The Power of Repetition

Why Effective Communication Relies on Saying Things More Than Once


Communication is a key pillar of any successful organization. For Dottie Belletto, Founder and CEO of New Orleans-based event marketing company NOCCI, cultivating a culture of sharing and communication translates into better stakeholder relationships and, consequently, profits. It may be difficult to get through to people sometimes, but Dottie shares, “As a leader, you must keep trying. It’s worth it.” 


Keep trying. There’s value in persistence and repetition. 


Repetition is a key component of effective communication. When leaders consistently repeat key messages, they can enhance clarity, increase comprehension, and drive meaningful action. 


It’s Just How Our Brains Are Wired 


The human brain is complex. On average, it processes about 6,000 thoughts per day, according to a study by Nature Communications. With such a high volume of stimuli, our brains are wired to focus only on the messages that are repeated. While our minds might filter out a one-off comment, hearing something multiple times triggers different reactions and encodes memories more deeply. 


The more often individuals hear key messages and practice new behaviors, the more they will retain what they’ve learned. Whether it’s a change in process or a shifting company objective, individuals will hear, understand, and incorporate key messages into their work when they hear them frequently and consistently. 


Repeating Messages Brings Clarity 


When you say something more than once and the listener can digest and absorb what’s being said, they have a better chance of understanding and internalizing the message. This is particularly true when introducing new company initiatives. When people hear something more than once, they have more than one opportunity to follow up and ask questions, which can also help to bring clarity to the message’s key point. 


If a manager delivers a quick one-time announcement about an impending organizational change, employees may walk away unclear about the details. When will it happen? Where are people moving? Will roles change? By repeatedly discussing the planned change, the manager can proactively address these questions and concerns. 


Repetition Helps Overcome Resistance 


If a team leader delivers a message to the team only once or twice and everyone is not in agreement, people can resist by simply ignoring the message. Because they only heard it once, people feel free to “tune out” a one-off message and go about their day. They can actively resist by insisting they didn’t hear or understand the message. 


However, if the leader repeats the message and seeks out agreement and comprehension from all members of the team, any resistance to the message can be identified and resolved. For example, if a manager announces a new top-down sales strategy just once, sales reps may resist adopting it. But if the manager explains the new technique in multiple meetings, answers questions, acknowledges concerns, and reiterates the benefits, the team will be more likely to buy in.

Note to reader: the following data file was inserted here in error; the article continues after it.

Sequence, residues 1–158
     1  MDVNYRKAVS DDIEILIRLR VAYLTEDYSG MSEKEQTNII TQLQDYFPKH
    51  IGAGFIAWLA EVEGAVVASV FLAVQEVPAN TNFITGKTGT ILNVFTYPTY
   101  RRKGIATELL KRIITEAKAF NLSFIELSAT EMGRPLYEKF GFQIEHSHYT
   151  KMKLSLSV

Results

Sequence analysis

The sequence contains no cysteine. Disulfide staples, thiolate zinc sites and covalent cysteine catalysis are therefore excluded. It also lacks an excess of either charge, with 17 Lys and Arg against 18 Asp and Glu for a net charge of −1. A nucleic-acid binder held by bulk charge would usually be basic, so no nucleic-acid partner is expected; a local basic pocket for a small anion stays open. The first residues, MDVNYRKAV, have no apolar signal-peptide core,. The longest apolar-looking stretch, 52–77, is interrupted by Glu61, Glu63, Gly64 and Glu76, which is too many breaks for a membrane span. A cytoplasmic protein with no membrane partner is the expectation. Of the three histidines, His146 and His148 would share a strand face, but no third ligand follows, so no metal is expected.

Repetition Ensures Everyone Is Included 


Repetition in communication ensures that everyone who needs to hear a key message hears it. A team meeting will therefore be much more effective if team goals are not only repeated but discussed so that everyone has a chance to react, ask questions, and understand their unique role in helping to achieve the goals. 


When goals are repeated and discussed, everyone is included and everyone has a chance to participate. For example, if a company president simply sends a single email detailing a new sustainability initiative, many employees may miss the message. But if she repeatedly references sustainability in company meetings, internal communications, and one-on-ones, all staff will get on board. 


Tips for Putting Repetition to Work 


Now that we’ve explored why repetition matters, here are some best practices for baking it into your organizational communications: 


  • Identify 3-5 key messages or themes and reiterate them frequently in meetings, emails, presentations, etc. But avoid sounding like a broken record – keep your delivery creative. 
  • Present important messages across multiple formats like email, videos, signage, chats, etc. to maximize exposure. 
  • Share success stories that exemplify the behaviors you want to promote. 
  • Schedule recurring check-ins on key initiatives to refresh understanding and compliance. 
  • Use mantras, slogans, hashtags, and other repeatable elements to reinforce messaging. 
  • Gather feedback through surveys and conversations to identify areas where more repetition would be beneficial. 


Final Thoughts 


At the end of the day, the human brain is just plain busy. To cut through the noise and drive understanding, leaders must be willing to repeat themselves. Rather than shying away from redundancy, embrace it as a best practice that leads to clarity, comprehension, and consensus across an organization. Because the more you say it, the more they’ll remember it. In Dottie Belletto’s words, “It’s worth it.” 


Mindset is everything. 



Eagles Flight Asia is a leading experiential learning provider across Singapore and the Asia Pacific region. We provide learning & development and behavior change programs around culture, leadership, change management, onboarding, employee engagement, and more. 


The Eagles Flight brand of experiential learning engages and challenges all levels of participants, delivering a competitive edge to all sizes of organizations through behavior change that leads to improved performance.